TONIGHT’S MUST-SEE: “Great Performances,” p.m., PBS (check local listings)
backed by brilliant instrumentalists. The music is rarely interrupted by patter
and never by commercials.
Both do it well, so the combination works. They do the songs of the masters –
Ellington, Porter, Berlin, Strayhorn and, yes, Sonny Bono (“Bang Bang”). They
sing of a “Sophisticated Lady,” avoid “Lady is a Tramp” and fill a superb hour.
fights demons skillfully, but failed to save a young girl; he has
institutionalized himself and is trying to forget … until a new mission
unaware of her powers or her danger. At its best, “Constantine” has huge
special effects, with occasional humor and a terrific cast; at its worst, it
pours on everything to excess, then dumps its best character. After finishing
the pilot, producers decided to rewrite the ending, making room for Zed
(Angelica Celaya) and dropping Liv; we’ll miss her.
horror. “Grimm” has a strong (but open-ended) hour, following up on last
season’s finale: Nick, who has lost his power to see demons, was at a wedding
when there was a shooting and beheading in his house; his police colleagues are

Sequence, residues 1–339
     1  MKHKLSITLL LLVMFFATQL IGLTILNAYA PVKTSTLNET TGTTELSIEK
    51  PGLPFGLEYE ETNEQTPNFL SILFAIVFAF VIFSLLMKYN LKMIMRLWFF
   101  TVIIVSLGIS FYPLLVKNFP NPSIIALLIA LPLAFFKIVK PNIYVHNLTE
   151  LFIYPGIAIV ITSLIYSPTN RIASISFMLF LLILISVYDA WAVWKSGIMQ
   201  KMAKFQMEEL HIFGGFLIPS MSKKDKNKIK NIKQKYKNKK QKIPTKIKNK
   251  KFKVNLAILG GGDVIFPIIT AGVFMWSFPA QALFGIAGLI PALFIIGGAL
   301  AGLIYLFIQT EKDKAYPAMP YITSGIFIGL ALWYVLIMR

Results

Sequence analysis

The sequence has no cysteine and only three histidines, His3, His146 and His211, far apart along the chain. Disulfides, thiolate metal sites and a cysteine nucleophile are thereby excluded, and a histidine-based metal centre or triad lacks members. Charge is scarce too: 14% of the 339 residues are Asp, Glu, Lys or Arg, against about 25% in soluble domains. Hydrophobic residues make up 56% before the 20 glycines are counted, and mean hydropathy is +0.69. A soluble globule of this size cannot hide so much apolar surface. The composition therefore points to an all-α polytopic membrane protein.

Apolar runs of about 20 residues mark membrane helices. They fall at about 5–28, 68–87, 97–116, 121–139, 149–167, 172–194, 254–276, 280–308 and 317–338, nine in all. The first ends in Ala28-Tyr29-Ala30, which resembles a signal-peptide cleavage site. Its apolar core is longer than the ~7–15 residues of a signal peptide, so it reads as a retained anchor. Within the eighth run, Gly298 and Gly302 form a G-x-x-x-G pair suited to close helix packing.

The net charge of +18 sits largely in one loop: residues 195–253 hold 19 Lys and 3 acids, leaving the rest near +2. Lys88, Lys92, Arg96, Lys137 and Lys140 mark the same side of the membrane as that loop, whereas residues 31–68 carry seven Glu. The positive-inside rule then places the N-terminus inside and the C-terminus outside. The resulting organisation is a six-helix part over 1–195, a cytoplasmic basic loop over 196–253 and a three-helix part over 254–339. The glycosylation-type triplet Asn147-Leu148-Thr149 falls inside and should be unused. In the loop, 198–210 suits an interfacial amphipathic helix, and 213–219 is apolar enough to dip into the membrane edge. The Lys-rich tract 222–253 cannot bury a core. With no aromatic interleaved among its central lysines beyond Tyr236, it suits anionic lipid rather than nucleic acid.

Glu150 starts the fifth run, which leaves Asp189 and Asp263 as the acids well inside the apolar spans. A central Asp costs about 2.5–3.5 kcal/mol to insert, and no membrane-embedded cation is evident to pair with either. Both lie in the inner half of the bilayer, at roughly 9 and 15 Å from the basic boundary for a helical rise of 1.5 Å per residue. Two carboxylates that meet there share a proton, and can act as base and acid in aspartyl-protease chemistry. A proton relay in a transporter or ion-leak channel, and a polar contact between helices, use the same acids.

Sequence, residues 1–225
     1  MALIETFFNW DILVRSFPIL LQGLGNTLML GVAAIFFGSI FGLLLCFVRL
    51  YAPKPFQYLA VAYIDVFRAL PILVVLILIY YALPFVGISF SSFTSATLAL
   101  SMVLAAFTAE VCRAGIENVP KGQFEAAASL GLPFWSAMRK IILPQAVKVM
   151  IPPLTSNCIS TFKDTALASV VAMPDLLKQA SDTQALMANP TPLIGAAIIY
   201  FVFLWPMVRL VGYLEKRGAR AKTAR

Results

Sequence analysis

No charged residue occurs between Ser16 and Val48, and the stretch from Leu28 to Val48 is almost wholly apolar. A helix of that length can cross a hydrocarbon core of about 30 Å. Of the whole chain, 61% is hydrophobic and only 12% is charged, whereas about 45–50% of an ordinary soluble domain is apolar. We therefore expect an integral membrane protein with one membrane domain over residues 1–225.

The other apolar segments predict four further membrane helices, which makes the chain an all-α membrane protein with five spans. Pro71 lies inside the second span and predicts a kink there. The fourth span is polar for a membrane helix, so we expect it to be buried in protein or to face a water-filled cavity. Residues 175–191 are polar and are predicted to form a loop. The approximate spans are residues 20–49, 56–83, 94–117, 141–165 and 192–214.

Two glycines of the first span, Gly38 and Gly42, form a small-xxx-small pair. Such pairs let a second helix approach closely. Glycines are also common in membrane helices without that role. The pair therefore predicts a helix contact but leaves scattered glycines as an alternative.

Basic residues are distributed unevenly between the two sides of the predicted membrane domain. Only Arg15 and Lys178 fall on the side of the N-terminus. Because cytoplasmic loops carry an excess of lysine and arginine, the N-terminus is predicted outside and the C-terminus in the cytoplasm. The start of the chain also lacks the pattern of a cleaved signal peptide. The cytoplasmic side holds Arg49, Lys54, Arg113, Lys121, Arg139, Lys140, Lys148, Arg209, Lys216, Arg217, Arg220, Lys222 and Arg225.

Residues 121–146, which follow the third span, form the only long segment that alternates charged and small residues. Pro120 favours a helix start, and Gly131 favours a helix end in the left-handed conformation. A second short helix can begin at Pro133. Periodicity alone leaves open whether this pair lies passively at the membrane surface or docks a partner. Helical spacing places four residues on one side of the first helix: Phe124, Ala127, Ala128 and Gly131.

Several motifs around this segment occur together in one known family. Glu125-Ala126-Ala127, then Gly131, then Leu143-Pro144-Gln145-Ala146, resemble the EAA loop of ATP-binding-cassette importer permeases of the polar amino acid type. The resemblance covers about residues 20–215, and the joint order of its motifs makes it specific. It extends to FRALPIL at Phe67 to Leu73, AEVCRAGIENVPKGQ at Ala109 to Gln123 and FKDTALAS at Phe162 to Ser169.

10 p.m., Syfy) and “Zombie Strippers” (8:45 p.m., IFC). Lifetime repeats “Big
DrIver” (2014), its so-so Stephen King tale, at 8 p.m.; AMC has the “Omen”
trilogy at 4 p.m. (1976), 6:30 p.m. (1978) and 9 p.m. (1981).
used to be for kids. Nickelodeon has “Monster High: Freaky Fusion” (2014),
flashing back to the school’s first day. ABC Family Tim Burton films -- “The
Nightmare Before Christmas” (1993) at 7 p.m. and Johnny Depp’s “Dark Shadows”
(2012) at 8:30. Disney has “Return to Halloween Town” (2006) at 7:20 and two
“Evermoor” episodes at 9.
Series moves to San Francisco, for the third game of its best-of-seven series
with the Giants and Royals.
episode, which offered the same bubbly mix – offbeat humor in a gorgeous,
telenovela setting – as the opener. The final moments are memorable.
the eight duos facing a double U-turn and an accusation that one team is
arguments at home and at work.
helps him re-open his dad’s last case.
here: The former police commissioner (Len Cariou) made insensitive remarks that
the current one (Frank, played by Tom Selleck), his son, must deal with. Also,
Frank’s son Jamie (Will Estes) is targeted after breaking up an abusive